(From Kieslowski on Kieslowski)
Relationships with parents are never fair. When our parents are on top form, at their best, their most energetic, their most lively and their most loving, we don't know them because we don't exist yet. Or we're so tiny that we don't appreciate it. Then, when we grow older and start to understand certain things, they're already old. They no longer have the energy which they used to have. They no longer have the same will to live as they had when they were young. They've been disillusioned in all sorts of ways, or they've experienced failure. They're already bitter. I had wonderful parents. Wonderful. Except I wasn't able to appreciate then when I should have. I was too foolish.
[...] our parents need us around: they still think we're little and need to be looked after. But we try to break away from this care and we have the right to do so. That why I think the relationship between children and parents - and particularly between parents and children - is terribly unfair. But that's the way it has to be. Every generation has to go through this injustice. Maybe what counts is simply to be able to understand this at a certain moment.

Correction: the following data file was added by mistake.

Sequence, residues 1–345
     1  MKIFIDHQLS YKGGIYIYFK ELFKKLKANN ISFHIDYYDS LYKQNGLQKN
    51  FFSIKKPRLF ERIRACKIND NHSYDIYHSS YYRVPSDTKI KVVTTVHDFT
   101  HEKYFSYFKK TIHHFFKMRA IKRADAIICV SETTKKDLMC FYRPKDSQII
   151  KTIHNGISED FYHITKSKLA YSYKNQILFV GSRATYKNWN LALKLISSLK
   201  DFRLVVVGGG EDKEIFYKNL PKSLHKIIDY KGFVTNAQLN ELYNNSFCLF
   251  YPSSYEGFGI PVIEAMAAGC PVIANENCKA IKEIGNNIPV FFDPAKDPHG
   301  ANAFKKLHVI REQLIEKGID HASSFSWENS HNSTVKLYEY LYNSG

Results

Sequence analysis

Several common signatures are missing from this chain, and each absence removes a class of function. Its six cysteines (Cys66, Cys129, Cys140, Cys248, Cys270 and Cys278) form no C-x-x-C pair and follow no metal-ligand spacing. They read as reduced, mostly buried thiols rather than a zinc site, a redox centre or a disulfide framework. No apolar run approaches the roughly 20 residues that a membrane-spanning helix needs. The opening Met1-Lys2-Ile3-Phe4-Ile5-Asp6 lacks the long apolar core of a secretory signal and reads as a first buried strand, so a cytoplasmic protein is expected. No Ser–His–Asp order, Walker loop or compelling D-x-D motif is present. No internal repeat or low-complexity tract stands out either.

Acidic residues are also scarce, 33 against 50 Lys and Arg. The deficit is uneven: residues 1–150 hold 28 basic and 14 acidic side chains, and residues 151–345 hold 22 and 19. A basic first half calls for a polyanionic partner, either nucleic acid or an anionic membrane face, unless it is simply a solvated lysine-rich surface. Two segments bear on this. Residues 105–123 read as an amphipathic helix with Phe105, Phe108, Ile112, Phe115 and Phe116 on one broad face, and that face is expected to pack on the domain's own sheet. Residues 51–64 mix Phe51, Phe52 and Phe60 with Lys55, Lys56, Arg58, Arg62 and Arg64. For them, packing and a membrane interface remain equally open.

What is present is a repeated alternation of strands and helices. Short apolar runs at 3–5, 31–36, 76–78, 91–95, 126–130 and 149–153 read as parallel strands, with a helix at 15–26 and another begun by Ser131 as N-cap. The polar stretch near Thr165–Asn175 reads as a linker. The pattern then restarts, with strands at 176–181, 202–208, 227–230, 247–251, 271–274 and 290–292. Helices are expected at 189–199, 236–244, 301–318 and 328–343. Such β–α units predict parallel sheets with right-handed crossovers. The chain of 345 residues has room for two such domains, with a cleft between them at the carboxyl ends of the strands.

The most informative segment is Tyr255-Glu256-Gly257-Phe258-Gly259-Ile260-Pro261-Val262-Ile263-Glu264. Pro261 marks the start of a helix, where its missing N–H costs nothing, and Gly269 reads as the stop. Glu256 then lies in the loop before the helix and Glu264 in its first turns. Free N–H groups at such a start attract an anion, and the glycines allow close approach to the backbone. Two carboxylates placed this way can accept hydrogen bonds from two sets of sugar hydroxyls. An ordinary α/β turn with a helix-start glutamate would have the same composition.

My daughter, Marta's, attitude is just as unfair. It's the natural order of things. She's repaying me for the unfair attitude I once had towards my parents. That sounds as if it were premeditated, but it's not calculated at all; it's natural, biological. She's nineteen and it's only natural that she should want to leave home. But that's the way it must be. It's natural.
[...] So I don't really talk to my daughter about important matters, or if I do, then very rarely. I do talk about practical things, of course, but I don't talk to her about the really important things in life. I write her letters, because she can keep them, look back over them. When you get a letter like that it doesn't mean much, but later on, in the future...